Visit the following pages for full details about council tax exemptions and discounts
- Single person discount
- Empty properties
- Two properties
- Reductions and exemptions for disabled people
- Council tax reductions in special circumstances (Section 13a)
Who has to pay
If you are over 18 and live in a property as your main home, you will have to pay council tax for that property.
If there are a number of people over 18 living in a property, the person liable to pay the council tax for a property is decided by reference to a "hierarchy of liability". The person with the greatest interest in a property is the person liable to pay the council tax.
This is normally the owner/occupier or the tenant/occupier. There could be more than one person with the same interest and therefore they will be jointly liable.
The person liable for the council tax is whoever comes first in the list below
- Residents who have a freehold interest
- Residents who have a leasehold interest
- Residents who are statutory or secure tenants
- Residents who have a contractual licence to occupy
Resident: any individual aged eighteen or over who has their sole or main residence in the dwelling.
Owner: A person who has an interest in the whole or any part of the dwelling. An interest is a freehold interest or leasehold granted for 6 months or more.
Properties for which the owner is liable
There are some properties where the owner, rather than the residents, will be liable to pay the council tax. The hierarchy above does not apply to these properties:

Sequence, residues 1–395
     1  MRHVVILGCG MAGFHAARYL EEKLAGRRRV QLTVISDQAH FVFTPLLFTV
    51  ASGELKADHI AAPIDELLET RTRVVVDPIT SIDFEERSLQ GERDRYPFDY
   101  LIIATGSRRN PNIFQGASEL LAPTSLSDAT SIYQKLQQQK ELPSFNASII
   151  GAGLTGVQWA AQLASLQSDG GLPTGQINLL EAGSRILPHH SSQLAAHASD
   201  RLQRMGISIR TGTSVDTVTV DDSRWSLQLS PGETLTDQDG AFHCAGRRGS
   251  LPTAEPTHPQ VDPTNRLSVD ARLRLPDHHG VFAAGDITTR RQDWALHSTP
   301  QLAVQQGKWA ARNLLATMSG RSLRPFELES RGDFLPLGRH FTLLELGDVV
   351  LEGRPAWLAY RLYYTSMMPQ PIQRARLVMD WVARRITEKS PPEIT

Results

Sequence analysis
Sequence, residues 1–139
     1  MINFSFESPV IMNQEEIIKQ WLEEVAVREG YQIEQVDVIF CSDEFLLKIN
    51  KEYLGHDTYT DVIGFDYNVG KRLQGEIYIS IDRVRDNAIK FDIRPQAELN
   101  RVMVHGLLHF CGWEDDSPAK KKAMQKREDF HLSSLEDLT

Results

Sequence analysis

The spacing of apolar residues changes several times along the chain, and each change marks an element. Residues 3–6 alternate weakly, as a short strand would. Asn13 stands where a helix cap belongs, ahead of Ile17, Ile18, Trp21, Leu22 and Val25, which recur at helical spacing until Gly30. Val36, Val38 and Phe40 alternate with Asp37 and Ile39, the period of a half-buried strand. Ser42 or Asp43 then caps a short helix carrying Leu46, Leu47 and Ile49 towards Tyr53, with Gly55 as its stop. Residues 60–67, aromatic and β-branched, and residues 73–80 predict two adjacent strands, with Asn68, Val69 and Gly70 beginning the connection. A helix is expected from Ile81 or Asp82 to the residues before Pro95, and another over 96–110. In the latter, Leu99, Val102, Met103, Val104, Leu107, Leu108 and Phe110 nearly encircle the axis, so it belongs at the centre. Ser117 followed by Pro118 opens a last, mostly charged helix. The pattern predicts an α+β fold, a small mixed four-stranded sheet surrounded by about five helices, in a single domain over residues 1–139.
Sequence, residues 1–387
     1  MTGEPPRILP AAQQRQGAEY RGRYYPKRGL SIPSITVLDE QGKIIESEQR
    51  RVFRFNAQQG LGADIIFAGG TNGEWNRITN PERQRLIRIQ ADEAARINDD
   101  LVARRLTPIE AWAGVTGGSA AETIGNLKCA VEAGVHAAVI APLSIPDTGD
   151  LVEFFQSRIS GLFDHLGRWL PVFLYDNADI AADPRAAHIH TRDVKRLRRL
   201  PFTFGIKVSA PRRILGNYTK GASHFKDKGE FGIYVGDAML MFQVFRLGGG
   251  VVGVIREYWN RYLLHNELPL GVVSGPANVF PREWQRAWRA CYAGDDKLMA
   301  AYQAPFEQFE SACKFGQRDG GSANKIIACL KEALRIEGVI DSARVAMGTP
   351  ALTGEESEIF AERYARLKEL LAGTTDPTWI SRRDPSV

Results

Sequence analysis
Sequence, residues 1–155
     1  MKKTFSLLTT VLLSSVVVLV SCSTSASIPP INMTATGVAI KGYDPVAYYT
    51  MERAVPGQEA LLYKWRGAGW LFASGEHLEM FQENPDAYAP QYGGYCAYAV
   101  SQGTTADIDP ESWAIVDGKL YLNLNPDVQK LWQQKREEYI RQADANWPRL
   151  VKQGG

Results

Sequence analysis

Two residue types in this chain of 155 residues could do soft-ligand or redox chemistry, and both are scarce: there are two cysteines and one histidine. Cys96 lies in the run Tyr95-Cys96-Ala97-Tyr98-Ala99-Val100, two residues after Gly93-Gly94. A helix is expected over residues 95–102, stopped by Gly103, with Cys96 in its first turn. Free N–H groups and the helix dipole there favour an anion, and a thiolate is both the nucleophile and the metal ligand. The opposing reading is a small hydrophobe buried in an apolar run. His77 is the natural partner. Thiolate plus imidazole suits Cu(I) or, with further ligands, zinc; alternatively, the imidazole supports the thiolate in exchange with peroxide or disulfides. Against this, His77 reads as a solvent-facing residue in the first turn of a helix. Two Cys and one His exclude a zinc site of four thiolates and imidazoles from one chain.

- Houses in multiple occupation (HMOs) - that is where the residents do not form a single household and pay their rent for different parts of the property. The tenants usually have separate tenancy agreements or where the property has been constructed specifically for occupation by persons who do not constitute a single household. This includes houses of multiple occupation that have been licensed by the local authority.
- Residential care or nursing home and some types of hostels which provide a high level of care
- Homes occupied by religious communities, such as monasteries and convents
- Homes which are occasionally occupied by the owner and whose domestic staff are also resident
- Properties occupied by ministers of religion, as a residence from which the minister's duties of office are carried out
- Properties occupied only by asylum seekers under section 95 of the Immigration and Asylum act 1999.